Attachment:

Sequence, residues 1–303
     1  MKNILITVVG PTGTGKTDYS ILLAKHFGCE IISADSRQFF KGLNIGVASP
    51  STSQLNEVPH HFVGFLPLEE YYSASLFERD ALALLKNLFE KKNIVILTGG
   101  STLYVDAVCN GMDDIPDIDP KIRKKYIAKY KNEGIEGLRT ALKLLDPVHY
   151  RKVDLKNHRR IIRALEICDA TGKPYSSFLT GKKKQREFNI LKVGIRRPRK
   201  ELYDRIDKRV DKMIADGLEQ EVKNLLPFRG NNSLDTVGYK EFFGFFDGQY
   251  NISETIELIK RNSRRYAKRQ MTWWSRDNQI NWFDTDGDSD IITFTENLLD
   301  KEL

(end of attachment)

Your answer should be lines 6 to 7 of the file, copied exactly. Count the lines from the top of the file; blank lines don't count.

   201  ELYDRIDKRV DKMIADGLEQ EVKNLLPFRG NNSLDTVGYK EFFGFFDGQY
   251  NISETIELIK RNSRRYAKRQ MTWWSRDNQI NWFDTDGDSD IITFTENLLD